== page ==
Ask the experts

What foods should I avoid whilst breast-feeding and what about alcohol?

 Addy Henderson is a registered health visitor and international board certified lactation consultant with over 30 years of professional experience and her own private practice. Addy has extensive experience helping women with a broad range of problems relating to breastfeeding - including sore nipples, mastitis, low milk supply and gastric reflux.  

Q. How can I tell if my baby is getting enough milk?

The signs that your baby is getting enough milk are:

1.         That he is growing and putting on weight.  It is normal for him to lose weight in the first five days as he comes “with a packed lunch” board of extra fluid, but this should not be much more than 10% of his body weight.  After this during the first three months of life he should gain between 5 to 7 ounces (140-175 grams) per week.  Between three and six months he should gain 4 to 5 ounces (113-142 grams) per week.

If you are still concerned that your baby is not getting enough milk please absolutely feel free to speak to me direct on from the comfort of your home phone. I am more than happy to help. Just go to addy_henderson and request a call.

2.         He needs to have regular wet and dirty nappies: a minimum of six to eight heavy wet nappies and two poos, which should be soft and yellow, or mustard like, in consistency.  Some breast-fed babies only poo two to three times a week after the first six to eight weeks.

3.         During feeds he should be relaxed, but sucking actively and rhythmically with short pauses.  After feeds he should appear drowsy, full and sleep, or be content, for two to three hours on average, although it is normal for babies to “cluster feed” in the evenings and sleep for one longer period, hopefully, at night.

Q. What can I do to improve my milk supply?

The most important and effective way of improving your milk supply is to make sure your baby is well attached to the breast during feeds.  He needs to have a good deep mouthful of breast tissue and after a few moments of rapid sucking, be sucking deeply and strongly.  The only noise you should hear is swallowing.  Check the positioning and attachment guidelines on the websites for further help, or have an experienced breast-feeding advisor or lactation consultant watch you feed your baby.   In order for your breasts to make more milk they must be emptied frequently.  Thus, ensuring your baby is feeding efficiently and often will increase your milk supply.  If he is not doing this, expressing your milk at least six to eight times in twenty-four hours will have a similar effect.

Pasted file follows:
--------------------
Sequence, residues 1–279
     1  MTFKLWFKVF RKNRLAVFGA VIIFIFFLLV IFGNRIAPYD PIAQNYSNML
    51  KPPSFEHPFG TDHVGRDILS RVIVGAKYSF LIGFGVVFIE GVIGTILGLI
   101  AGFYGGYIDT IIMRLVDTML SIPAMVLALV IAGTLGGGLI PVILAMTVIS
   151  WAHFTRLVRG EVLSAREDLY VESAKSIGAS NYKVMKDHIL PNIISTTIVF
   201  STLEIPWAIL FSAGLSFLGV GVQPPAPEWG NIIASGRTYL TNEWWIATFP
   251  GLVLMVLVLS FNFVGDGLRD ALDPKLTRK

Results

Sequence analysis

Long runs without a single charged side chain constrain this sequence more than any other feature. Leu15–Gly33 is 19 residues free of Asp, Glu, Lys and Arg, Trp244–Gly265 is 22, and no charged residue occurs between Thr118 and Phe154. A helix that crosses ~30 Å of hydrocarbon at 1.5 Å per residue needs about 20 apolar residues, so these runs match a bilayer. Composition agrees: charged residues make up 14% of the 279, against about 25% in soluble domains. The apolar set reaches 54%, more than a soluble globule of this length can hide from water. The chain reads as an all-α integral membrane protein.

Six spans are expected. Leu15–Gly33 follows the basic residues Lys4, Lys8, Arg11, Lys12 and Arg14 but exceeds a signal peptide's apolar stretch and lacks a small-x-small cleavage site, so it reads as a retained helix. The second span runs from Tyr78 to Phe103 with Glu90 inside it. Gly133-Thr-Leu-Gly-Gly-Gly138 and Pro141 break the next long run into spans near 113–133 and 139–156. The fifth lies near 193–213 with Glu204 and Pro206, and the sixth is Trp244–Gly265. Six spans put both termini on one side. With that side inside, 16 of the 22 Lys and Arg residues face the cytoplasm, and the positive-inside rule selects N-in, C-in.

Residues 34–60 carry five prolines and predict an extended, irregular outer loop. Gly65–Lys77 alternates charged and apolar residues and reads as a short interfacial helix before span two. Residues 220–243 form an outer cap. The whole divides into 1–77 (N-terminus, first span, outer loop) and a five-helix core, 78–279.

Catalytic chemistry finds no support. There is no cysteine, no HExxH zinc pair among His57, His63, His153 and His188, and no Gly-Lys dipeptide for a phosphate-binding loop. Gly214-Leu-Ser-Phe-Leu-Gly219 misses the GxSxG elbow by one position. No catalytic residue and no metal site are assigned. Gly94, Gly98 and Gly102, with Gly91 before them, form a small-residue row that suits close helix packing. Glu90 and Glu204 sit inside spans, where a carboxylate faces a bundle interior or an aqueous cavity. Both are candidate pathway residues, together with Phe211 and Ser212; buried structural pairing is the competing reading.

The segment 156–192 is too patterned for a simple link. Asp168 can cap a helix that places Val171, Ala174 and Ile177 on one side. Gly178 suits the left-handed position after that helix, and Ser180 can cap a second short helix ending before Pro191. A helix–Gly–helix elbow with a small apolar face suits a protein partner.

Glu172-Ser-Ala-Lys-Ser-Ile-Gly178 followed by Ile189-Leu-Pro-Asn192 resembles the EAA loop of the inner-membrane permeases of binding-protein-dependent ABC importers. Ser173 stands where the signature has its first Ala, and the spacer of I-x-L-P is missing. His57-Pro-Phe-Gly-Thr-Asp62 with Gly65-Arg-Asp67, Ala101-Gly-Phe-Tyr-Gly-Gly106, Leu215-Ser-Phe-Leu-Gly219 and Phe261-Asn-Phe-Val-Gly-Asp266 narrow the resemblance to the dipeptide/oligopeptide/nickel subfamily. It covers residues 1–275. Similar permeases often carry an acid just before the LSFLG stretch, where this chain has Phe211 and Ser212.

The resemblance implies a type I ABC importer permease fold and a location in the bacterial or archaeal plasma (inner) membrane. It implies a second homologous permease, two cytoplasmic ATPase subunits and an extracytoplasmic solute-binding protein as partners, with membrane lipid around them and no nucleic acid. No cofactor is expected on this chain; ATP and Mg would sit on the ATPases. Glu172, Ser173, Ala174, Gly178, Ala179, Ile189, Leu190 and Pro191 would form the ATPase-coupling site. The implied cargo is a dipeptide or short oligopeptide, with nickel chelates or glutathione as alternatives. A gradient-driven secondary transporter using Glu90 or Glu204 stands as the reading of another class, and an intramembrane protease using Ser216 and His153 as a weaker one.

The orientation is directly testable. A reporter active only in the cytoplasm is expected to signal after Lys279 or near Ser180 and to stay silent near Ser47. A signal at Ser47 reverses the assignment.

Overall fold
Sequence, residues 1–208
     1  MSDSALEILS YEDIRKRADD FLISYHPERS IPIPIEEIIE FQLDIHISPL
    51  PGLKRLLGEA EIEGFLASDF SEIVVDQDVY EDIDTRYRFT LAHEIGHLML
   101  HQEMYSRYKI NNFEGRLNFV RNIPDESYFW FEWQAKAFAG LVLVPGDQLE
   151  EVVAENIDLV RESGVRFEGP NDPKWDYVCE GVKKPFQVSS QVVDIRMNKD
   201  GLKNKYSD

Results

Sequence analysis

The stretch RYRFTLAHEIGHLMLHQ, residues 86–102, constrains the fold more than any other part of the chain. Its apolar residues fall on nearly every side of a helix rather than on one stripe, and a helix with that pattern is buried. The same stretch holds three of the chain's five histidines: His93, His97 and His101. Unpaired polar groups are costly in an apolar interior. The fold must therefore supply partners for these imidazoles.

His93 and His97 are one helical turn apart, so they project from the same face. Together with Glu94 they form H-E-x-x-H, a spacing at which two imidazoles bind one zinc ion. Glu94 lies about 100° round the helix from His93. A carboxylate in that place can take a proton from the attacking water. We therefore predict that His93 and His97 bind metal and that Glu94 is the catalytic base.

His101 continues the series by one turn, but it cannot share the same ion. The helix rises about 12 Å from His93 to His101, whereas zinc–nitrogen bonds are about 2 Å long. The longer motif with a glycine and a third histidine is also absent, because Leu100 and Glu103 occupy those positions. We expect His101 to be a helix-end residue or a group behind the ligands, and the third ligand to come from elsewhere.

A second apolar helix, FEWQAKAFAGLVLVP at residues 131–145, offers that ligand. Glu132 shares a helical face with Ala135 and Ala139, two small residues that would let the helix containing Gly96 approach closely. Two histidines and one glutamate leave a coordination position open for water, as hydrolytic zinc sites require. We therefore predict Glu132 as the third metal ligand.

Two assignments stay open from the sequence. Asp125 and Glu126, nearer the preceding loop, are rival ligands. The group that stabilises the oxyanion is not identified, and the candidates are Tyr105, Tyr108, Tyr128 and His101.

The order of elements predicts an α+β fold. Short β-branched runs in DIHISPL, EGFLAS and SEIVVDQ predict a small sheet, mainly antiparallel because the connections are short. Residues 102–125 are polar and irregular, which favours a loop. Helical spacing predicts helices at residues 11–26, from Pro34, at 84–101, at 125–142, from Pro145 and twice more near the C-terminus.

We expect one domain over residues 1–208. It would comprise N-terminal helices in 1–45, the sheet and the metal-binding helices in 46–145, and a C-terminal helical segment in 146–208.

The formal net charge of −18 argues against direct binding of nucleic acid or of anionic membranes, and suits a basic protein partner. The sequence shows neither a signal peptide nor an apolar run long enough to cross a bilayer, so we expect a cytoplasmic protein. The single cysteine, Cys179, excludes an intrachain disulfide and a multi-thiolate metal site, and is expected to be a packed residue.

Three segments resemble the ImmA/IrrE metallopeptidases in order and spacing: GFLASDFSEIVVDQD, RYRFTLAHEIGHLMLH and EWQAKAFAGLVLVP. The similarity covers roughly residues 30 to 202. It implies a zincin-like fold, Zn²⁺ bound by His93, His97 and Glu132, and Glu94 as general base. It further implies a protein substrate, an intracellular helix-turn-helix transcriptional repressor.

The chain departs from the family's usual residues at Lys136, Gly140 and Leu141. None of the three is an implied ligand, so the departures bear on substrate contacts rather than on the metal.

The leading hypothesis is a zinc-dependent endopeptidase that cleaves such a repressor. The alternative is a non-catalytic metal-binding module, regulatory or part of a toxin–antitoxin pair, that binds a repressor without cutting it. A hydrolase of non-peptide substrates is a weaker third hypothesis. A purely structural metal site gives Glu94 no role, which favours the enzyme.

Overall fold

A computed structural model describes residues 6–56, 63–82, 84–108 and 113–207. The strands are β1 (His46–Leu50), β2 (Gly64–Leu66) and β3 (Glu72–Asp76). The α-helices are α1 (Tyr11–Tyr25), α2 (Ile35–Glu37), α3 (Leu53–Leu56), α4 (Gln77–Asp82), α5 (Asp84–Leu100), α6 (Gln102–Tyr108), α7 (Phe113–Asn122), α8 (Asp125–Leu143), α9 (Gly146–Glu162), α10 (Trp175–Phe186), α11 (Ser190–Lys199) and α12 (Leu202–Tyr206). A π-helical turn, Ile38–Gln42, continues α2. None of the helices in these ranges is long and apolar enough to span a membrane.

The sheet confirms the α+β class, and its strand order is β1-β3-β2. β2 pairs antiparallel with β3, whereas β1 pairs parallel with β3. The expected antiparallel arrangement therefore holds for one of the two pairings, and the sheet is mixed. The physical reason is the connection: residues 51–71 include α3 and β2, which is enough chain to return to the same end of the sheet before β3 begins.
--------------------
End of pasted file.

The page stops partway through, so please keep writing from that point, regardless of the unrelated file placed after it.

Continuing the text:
Other methods that can help increase your milk supply include keeping your baby close to you and giving him lots of “skin to skin” contact and expressing your milk after feeding.  There are some drugs and herbal remedies that can help boost your milk supply known collectively as Galactagogues, but you will need to seek expert help before trying these.

Q. What foods should I avoid whilst breast-feeding and what about alcohol?

You can enjoy all the foods you would normally eat.  There is no need to avoid anything, unlike during pregnancy when you were advised to cut out certain foods.  Indeed it is important that you have a varied, well balanced diet, containing protein, fats, carbohydrates, fruit, vegetables and plenty of fluids.  You may find that you feel thirstier when breast-feeding, so have a drink nearby, but there is no need to drink more than you wish to.  Contrary to popular belief this will not make more milk! You will burn extra calories while breast-feeding, so if you eat sensibly there will be no need to diet.  Tea, coffee and other drinks containing caffeine are fine in moderation, but some babies may become unsettled and restless if excessive caffeine is taken, so limit such drinks to five or six a day.

A few babies, especially if suffering from Gastro-intestinal reflux, may improve if cow’s milk protein is eliminated from their mother’s diet, but it is important to seek further advice from your doctor or a qualified lactation consultant before doing this.

Q. Do I have to cut out alcohol for the duration of breastfeeding?

Again, moderation is key.

If you wish to have a glass of wine or other alcohol it is best to have it just after you have fed your baby. It takes on average one hour for one unit (small glass of wine) to be metabolised by your body. If you do have a special occasion to attend when you will be drinking more, you will need to express and discard your milk for several hours. It would be a good idea to express some milk ahead of this time and freeze it so that you have a reserve for your baby

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